The Media Oxpecker: Moments of Brilliance and Sheer Stupidity

Every Friday we round up media & tech industry news you may have missed while you were busy not thinking about the children.

  • Groupon is moving forward with its initial public offering and is planning a “road show” for investors next week. The New York Times says the company expects to sell 30 million shares at $16 to $18 per share:

    At the midpoint of that price range, the company could raise $510 million. Its underwriters could also sell an additional 4.5 million shares if demand exceeds expectations.

    While its expected valuation of $10 to $11 billion seems high for a company with a business model that’s quickly being commoditized, as recently as four months ago the company was being valued as high as $30 billion.

    Of course, that was before Groupon came under scrutiny for accounting methods that were generously described as “unorthodox,” although a more accurate term would probably be “fraudulent,” and eventually the company pulled the plug on said accounting methods.

    The consensus among people who pay attention to these things is that Groupon is going ahead with the IPO, even with the drastically lower valuation, because it’s best to take the money and run now before things get worse.

    Says one analyst, “Groupon is a disaster. It’s a shill that’s going to be exposed pretty soon.”

    Earlier this week, Andrew Ross Sorkin asked whether the major Wall Street investment firms turned a blind eye to all of the red flags around Groupon because they were afraid of missing out on the expected fees from the offering.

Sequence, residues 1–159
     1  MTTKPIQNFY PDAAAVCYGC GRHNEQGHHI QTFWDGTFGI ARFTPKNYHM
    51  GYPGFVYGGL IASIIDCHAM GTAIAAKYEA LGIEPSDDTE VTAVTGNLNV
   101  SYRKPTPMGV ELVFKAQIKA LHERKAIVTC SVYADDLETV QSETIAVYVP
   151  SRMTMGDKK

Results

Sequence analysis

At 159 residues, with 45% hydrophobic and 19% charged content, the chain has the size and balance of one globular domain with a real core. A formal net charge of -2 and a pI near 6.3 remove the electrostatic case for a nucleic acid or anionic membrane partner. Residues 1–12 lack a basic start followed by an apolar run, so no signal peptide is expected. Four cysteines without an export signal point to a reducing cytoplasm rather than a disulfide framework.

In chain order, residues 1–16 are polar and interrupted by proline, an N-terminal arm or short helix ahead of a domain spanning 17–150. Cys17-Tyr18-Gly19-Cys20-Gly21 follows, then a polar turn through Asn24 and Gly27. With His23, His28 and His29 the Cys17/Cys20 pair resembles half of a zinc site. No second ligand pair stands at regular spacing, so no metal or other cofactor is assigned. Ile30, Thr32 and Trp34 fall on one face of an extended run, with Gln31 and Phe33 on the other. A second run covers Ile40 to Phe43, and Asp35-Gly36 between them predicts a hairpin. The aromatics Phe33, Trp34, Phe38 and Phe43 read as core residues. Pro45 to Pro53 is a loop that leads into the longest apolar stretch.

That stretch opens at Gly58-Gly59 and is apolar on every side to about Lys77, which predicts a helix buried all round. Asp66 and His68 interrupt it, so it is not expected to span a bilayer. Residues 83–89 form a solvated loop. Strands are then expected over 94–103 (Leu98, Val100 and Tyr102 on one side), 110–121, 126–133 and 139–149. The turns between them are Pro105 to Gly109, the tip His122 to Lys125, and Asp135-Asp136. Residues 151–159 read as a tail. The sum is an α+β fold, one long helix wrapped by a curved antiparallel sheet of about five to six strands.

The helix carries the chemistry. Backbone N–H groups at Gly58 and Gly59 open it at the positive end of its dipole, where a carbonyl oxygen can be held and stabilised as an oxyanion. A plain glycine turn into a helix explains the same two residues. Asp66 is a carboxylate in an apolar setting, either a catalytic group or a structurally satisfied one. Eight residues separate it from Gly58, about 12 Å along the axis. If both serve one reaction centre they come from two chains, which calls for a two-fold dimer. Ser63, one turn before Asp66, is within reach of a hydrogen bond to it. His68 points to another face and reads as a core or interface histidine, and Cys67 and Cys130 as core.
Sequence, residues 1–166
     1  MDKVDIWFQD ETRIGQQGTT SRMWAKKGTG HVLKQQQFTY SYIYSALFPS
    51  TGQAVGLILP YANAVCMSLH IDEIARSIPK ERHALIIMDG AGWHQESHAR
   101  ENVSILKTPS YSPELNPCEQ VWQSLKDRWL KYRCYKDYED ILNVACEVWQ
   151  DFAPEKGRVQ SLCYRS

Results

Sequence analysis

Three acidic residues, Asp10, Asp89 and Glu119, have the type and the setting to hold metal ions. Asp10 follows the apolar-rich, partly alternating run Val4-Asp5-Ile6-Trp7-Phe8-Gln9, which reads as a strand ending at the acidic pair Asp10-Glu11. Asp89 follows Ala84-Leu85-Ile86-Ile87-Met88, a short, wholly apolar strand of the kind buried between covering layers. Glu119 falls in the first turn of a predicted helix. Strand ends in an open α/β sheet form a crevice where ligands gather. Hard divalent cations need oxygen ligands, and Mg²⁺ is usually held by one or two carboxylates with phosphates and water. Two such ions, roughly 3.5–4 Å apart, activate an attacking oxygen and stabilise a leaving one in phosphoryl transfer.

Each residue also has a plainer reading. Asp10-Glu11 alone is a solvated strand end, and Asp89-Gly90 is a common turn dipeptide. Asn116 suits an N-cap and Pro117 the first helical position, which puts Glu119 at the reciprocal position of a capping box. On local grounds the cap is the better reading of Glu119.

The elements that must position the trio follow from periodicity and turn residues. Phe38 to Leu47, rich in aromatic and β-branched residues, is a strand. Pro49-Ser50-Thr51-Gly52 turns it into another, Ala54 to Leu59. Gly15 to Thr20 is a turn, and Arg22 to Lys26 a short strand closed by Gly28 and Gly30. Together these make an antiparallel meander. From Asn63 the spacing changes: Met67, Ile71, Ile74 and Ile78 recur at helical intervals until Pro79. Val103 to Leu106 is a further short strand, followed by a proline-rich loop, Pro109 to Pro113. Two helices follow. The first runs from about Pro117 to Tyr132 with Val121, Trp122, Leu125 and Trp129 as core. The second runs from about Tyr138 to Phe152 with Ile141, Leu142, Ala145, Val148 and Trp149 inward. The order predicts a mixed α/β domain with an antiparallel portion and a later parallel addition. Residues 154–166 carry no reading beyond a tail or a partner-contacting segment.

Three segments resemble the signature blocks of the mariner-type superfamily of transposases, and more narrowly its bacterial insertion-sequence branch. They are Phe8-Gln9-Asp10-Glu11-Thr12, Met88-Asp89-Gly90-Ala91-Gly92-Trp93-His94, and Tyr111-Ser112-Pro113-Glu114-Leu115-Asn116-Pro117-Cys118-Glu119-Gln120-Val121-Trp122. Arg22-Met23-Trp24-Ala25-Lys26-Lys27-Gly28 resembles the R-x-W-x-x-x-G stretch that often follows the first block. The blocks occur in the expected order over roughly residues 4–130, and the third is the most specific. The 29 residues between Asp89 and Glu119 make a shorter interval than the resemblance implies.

And Village Voice alum Foster Kamer points out this gem from Groupon’s recently-released prospectus:

    As with any business in a new industry, success for our investors is not guaranteed. We have yet to reach sustained profitability and we have no shortage of competition. Our path will include some moments of brilliance and others of sheer stupidity.

    Kamer adds, “Riding the Groupon Gravy Train is a bit like Mr. Toad’s Wild Ride, if Mr. Toad’s Wild Ride occasionally ruined businesses and/or helped save them and had a fluctuating worth of billions of dollars depending on which car you got in and what time of year you decided to visit Disney/Grouponland.”

  • In an effort to enhance security and privacy, Google will encrypt the searches of logged in users with SSL protection. This could pose a web analytics problem, since encrypted search won’t allow website owners to see what search terms are bringing users to their sites:

    To mollify this criticism, Google is saying that from now on, websites will have to get the data on the top 1,000 search terms that led visitors to their site from Google’s webmaster tools. But the change will still throw a monkey wrench into complicated analytics tools that try to understand which search terms lead to sales on their site, which tells a website how to better optimize their website to earn those clicks.

  • Some of the major chains reported 3rd quarter revenue figures this week: